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Re: IndexedDB, what were the issues? How do we stop it from happening again?

From: Brian Kardell <bkardell@gmail.com>
Date: Thu, 7 Feb 2013 11:27:48 -0500
Message-ID: <CADC=+jdPbeQq-ae2P5RmZdOoytZK=5c_1Qv5CTSfoPKQ60LG5w@mail.gmail.com>
To: Marcos Caceres <w3c@marcosc.com>
Cc: Karl Dubost <karl@la-grange.net>, "www-tag@w3.org" <www-tag@w3.org>
[snip]
On Thu, Feb 7, 2013 at 11:04 AM, Marcos Caceres <w3c@marcosc.com> wrote:
>
> >
> > People say: "Oh it's an ugly API! Yeah for sure, it is designed by $ORG.
> This is a proof that design by committee is bad."
> >
> > What I'm saying is that a spec published at $ORG is orthogonal to the
> "design by committee" rant. Some will be edited by one person, some by a
> group, some will be good, some will be bad.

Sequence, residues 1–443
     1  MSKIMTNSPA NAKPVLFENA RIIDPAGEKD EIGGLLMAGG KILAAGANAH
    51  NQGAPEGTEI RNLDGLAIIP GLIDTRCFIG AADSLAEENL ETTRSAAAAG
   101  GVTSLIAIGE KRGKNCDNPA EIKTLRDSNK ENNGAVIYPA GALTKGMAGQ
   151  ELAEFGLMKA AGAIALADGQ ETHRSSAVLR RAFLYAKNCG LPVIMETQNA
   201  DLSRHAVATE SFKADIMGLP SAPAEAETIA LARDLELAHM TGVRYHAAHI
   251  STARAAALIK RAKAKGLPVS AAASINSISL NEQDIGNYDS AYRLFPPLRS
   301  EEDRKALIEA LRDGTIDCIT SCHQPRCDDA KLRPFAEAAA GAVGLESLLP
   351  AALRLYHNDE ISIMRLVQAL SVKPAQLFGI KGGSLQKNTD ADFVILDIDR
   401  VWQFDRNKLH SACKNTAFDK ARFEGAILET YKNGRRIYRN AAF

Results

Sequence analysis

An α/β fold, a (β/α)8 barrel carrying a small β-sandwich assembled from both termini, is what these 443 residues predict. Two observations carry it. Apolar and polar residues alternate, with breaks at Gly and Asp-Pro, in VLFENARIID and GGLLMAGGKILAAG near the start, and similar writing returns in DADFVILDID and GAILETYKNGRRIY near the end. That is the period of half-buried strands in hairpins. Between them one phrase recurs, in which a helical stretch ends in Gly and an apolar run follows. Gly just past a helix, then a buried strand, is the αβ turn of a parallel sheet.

> Sure - but I don't think anyone eluded that it was the W3C's fault (just
> that design by committee tends to create stuff that sucks - as opposed to
> beta/usability-testing the API with real devs...


This is the problem in a nutshell: The potential quality/capabilities of an
API are irrelevant if it can get no uptake with real developers.  For very
practical reasons it has to become a common tenant of APIs that we have a
means for people to try writing real apps with them, ideally ones that
won't break if the API evolves or is even a complete misfire - and help
make them better.  Something is really only standard if it gets adoption,
regardless of what we want to call it.  It really has nothing to do with
how many people write it, it has much more to do with how many people adopt
it - it just happens to be the case that many of the committees have
historically over-intellectualized things and done so with blinders on at
the expense of creating an API that people won't actually adopt.
Received on Thursday, 7 February 2013 16:28:16 GMT

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